So the idea that Adobe could create a mobile version of flash that provides any level of consistency with the desktop browsers, is absolute rubbish. That just can't be done. The only hope for anything close to that lies in the hands of the creators of flash content. The burden is on them to create mobile optimized versions of any swf that involves anything other than simple click functionality.

    At it's very best, a mobile version of flash will never work with a gigantic amount of content out there, content that won't be updated, won't be optimized, and will just create confusion and frustration for consumers who believed that their phone would be able to see the 'whole' web because it had flash.

  • Darren Says:

    @iCrizzo, no the error is yours. YouTube have stated quite clearly that HTML5 is not a replacement for Flash:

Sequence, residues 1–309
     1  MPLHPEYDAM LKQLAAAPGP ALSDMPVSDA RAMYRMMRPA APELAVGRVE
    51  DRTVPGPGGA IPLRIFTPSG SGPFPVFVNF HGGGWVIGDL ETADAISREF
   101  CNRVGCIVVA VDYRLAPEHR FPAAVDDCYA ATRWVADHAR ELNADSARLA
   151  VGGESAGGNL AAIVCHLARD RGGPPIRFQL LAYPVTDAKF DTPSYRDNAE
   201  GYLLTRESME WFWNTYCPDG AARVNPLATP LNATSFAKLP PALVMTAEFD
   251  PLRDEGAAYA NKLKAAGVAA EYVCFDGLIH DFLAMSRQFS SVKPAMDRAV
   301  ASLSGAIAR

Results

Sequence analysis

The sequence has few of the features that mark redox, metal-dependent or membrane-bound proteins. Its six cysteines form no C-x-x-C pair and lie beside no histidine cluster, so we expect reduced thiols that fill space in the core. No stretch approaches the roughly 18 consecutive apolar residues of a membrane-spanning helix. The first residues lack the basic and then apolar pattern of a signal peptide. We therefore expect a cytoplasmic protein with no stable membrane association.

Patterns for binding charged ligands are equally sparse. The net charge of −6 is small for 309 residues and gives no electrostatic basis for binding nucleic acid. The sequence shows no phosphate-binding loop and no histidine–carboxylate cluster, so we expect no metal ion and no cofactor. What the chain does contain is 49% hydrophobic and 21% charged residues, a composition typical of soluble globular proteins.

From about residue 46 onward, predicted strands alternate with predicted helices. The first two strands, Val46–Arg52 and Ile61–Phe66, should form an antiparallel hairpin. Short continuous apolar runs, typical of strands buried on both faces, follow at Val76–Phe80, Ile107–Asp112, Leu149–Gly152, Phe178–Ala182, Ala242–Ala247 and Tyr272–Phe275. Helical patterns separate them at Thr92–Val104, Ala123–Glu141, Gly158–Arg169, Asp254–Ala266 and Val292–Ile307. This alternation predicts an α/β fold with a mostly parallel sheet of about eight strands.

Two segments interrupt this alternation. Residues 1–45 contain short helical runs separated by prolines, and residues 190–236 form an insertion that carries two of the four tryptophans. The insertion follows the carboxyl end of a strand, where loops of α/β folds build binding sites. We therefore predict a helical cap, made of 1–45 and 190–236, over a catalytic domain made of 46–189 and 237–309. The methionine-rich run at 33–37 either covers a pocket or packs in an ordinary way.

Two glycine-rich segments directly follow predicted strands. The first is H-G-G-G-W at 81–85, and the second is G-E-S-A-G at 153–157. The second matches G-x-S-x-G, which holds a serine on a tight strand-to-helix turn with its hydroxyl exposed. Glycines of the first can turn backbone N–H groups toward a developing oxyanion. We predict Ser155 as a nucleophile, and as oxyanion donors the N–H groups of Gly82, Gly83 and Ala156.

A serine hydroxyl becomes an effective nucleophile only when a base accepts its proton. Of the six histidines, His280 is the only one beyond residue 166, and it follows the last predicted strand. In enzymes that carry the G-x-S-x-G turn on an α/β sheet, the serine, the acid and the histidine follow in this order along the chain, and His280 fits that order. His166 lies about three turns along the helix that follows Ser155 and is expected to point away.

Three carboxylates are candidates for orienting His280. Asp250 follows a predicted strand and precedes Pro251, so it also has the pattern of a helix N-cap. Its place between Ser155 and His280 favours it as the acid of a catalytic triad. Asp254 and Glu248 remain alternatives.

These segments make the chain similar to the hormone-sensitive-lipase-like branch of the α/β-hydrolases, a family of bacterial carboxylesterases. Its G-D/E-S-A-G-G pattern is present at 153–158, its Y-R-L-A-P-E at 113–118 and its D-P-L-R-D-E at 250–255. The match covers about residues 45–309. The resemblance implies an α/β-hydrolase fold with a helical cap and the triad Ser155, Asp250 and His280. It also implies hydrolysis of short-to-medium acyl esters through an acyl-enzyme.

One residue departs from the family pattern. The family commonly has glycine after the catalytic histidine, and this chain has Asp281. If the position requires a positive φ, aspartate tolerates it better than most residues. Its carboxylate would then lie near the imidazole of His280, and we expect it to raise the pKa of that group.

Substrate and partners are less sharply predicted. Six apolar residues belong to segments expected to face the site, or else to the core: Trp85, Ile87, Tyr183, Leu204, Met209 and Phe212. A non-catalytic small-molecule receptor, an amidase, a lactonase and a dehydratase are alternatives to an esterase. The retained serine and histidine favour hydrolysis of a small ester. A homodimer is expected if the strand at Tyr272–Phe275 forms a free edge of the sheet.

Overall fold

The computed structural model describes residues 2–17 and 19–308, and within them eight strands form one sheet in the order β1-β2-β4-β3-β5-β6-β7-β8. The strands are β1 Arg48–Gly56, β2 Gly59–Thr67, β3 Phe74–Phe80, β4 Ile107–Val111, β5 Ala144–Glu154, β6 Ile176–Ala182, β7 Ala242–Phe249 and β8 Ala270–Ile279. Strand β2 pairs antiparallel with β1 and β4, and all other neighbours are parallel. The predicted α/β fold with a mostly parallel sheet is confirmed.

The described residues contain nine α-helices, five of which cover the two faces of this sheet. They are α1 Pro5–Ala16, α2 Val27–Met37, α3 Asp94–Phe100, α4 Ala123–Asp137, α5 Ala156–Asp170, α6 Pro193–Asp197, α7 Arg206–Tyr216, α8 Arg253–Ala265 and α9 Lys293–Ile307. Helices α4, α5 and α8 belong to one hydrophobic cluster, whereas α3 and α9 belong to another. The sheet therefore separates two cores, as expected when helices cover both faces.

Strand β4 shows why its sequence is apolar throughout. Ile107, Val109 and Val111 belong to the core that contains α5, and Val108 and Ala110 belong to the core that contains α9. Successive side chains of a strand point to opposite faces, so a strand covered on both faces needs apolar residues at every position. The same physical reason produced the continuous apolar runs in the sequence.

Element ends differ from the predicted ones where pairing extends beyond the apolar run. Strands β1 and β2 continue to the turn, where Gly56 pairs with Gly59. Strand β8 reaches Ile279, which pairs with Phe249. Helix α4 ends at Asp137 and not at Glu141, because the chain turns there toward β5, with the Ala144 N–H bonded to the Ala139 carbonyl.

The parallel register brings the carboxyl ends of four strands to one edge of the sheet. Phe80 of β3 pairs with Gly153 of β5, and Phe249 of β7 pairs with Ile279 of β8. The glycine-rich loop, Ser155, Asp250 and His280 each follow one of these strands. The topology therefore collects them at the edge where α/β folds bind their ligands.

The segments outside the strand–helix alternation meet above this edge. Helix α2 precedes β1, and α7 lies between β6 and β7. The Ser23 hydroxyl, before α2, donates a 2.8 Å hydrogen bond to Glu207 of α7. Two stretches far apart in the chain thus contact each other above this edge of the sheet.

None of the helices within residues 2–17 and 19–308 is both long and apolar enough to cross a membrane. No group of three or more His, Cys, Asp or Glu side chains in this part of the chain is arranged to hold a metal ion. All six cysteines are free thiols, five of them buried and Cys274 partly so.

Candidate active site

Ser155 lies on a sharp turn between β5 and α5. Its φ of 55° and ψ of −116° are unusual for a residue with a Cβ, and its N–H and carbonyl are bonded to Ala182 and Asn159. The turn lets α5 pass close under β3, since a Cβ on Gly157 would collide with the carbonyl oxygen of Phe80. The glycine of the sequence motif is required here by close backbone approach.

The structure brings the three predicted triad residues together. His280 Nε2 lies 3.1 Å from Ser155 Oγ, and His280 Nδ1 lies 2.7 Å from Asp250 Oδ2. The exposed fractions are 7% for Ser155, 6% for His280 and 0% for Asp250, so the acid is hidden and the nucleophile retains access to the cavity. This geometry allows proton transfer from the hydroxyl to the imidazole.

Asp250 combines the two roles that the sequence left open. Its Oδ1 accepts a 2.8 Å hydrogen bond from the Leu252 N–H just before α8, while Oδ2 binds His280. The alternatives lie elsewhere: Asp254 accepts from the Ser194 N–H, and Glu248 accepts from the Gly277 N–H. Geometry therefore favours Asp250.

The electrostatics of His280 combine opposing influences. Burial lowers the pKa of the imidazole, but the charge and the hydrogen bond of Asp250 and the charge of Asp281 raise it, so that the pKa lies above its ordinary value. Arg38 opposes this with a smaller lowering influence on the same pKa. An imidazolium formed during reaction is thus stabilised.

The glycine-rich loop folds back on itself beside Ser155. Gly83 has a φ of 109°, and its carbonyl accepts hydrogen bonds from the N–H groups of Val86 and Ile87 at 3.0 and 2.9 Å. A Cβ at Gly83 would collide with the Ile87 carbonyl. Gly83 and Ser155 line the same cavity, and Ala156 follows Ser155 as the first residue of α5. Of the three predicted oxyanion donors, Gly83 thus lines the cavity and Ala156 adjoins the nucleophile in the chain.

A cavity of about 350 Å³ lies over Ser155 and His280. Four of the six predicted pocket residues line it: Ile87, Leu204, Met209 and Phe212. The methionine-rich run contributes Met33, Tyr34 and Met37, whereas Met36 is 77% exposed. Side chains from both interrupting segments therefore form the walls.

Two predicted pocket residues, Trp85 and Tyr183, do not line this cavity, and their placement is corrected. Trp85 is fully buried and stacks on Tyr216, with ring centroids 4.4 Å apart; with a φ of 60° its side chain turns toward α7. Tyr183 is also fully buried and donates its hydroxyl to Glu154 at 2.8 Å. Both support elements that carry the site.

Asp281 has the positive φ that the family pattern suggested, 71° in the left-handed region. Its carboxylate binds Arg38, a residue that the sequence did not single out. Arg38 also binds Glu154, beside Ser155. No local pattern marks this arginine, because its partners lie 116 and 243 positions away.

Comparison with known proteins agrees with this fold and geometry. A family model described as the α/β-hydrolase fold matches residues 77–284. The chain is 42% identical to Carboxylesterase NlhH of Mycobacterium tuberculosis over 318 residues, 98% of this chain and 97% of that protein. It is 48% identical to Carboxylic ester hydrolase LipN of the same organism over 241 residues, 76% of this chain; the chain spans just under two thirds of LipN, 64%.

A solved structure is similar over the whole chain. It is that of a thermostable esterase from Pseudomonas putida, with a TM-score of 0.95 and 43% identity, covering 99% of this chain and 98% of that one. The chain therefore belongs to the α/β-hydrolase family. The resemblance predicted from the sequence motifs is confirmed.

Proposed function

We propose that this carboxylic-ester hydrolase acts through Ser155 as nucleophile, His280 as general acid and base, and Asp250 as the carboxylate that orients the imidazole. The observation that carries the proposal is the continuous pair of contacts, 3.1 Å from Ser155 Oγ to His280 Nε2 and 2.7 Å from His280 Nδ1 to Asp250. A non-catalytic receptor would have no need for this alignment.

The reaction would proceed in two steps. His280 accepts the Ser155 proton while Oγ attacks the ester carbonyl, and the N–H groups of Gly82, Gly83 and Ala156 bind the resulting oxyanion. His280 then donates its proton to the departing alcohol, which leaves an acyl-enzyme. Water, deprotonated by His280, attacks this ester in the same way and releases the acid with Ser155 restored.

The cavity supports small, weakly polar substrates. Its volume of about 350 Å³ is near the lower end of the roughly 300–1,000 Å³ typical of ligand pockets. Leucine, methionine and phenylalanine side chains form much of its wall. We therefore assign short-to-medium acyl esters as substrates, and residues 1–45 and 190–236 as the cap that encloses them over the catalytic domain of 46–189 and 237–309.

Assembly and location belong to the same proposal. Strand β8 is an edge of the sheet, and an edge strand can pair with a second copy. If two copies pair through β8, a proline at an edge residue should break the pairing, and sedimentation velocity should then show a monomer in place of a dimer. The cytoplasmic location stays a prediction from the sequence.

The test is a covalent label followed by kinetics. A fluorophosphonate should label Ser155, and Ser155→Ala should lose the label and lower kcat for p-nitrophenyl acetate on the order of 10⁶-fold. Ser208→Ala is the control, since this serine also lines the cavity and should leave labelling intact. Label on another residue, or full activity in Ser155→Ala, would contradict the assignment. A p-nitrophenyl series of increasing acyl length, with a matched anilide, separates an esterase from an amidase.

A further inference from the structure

@everyone else,

    1. Anyone can read the Flash spec and build a Flash Player. This has been the case since 2007.
    2. Anyone can create a Flash movie (SWF) with free, easily-available tools.
    3. The Flash Player on Evo and Droid is not a beta. It's the final 10.1 release. It was released to mobile partners on June 22nd.
    4. The videos on and stream fine on the Nexus One. I would suggest that the author check his 3G/WiFi connection.
    5. Flash means you can encode with one codec (H.264) and reach all browsers and all devices (using a HTML5 fallback). A HTML5-only solution means that you need to encode with at least different codecs and even then you can't serve video to IE.